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Still moments, forgotten factory

SABA SIDDIQUI  26th Dec 2010

From the series The Archaeology of Absence. Photos Courtesy: Madhuban Mitra & Manas Bhattacharya

he capital is playing host to a unique photo exhibition that poses questions about the decisions taken on the way to India's brave new economic dawn. The nationalisation of industry has had a number of positive effects, but it has also left a legacy of locked up and abandoned factories that have been ravaged by time. Through A Lens, Darkly is a collection of photographs and photo-animation by photographers Madhuban Mitra and Manas Bhattacharya. These photos capture the ruins of India's first and only still camera factory, National Instruments Ltd. in Jadavpur, Kolkata.

This factory produced National 35, the only 35mm still camera ever manufactured in India, but it was shut down after a few years because it was running into losses. "In the late 1980s, the company dissolved its workforce and it was declared a sick industry. And in 2009, it was eventually handed to the Jadavpur University to establish a new campus. Ironically, at the time of the shutdown, the factory was developing the National Reflex 2000, which would have become India's first SLR camera, but unfortunately that never happened," says Bhattacharya.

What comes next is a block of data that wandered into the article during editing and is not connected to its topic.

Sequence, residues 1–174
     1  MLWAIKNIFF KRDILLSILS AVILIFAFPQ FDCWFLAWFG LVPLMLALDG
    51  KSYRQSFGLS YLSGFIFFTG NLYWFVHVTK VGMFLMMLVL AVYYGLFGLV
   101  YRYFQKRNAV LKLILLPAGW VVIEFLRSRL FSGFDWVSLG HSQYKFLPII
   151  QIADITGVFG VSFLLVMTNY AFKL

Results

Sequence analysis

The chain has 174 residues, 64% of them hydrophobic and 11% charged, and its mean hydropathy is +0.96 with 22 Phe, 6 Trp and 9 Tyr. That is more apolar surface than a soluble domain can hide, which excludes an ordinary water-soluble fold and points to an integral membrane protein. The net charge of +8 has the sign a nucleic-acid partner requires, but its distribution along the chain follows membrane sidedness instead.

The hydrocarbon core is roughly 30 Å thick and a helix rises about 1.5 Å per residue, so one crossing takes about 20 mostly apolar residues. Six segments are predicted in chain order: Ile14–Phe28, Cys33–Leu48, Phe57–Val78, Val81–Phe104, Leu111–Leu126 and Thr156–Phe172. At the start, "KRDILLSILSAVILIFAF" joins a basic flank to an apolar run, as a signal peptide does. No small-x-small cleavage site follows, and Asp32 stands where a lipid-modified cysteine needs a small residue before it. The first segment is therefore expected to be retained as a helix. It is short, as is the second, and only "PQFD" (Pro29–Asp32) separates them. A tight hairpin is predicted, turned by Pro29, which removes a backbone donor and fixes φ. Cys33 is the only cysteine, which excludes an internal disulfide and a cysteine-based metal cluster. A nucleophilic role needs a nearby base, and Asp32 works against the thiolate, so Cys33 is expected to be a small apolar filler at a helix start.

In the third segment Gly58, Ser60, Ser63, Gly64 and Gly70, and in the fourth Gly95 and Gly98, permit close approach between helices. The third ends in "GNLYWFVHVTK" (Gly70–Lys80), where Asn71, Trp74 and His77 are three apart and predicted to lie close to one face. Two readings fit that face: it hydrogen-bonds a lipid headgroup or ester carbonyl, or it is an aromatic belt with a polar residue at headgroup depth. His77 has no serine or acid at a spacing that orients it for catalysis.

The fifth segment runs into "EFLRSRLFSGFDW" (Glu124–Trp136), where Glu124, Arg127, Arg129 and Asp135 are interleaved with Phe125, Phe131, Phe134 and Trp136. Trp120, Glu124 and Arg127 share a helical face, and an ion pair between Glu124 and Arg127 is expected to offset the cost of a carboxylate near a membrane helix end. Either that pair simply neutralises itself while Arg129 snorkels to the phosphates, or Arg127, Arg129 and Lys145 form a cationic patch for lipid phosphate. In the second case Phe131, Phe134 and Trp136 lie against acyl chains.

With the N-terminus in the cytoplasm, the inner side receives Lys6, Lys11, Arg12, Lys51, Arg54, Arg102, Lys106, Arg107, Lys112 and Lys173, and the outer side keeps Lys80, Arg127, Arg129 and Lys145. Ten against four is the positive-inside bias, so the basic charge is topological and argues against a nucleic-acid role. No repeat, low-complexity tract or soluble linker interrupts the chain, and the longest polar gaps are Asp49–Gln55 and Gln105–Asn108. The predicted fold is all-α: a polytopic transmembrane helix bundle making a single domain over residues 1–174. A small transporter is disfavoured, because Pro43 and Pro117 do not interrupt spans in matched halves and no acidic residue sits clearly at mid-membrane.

When Jadavpur University decided to renovate the factory, they struck upon the idea of inviting Mitra and Bhattacharya to document how time and weather had slowly taken their toll. This factory is actually one of the oldest in India, beginning life in 1830 as an industrial space where the Survey Department in British India would make mathematical instruments.

These are haunting pictures, stark images that provide a glimpse of the silent and eerie world the factory is today. There are pictures of dusty broken camera shells, spare parts, and debris.

"Since it shut down, we've been perhaps the first ones to enter the factory premises. It was a bit scary initially. Two things that struck us instantly was a 5 feet cardboard cut-out of the National Reflex 2000 camera (which was about to be released) and the personal belongings of the workers. Both seem to be caught in a time warp. We found a comb, a few pieces of clothing, a quotation of Henrik Ibsen on the switch-boards ('The strongest man in the world is he who stands alone'), a book on Soviet literature ,and tucked inside a small cupboard, a love letter written by an employee to someone working in the factory. It's a real mystery why these people left these personal belongings when the factory shut shop," says Mitra.

Apart from the photographs, the exhibition also displays photo-based animation work. One shows a moving exhaust fan and the other captures the rays of sunshine amidst its ruins.

"We were given full freedom to use whatever medium we wished to. But since this place is linked to the history of the still-camera, we opted to click stills. The photo-animation have been made by clicking a lot of pictures at a high speed and then merging them to show light and wind playing visual illusions on the broken assembly tables," says Mitra.

Bhattacharya concludes poetically: "In a way, the photographs and animations are the last images of a shipwreck."

 
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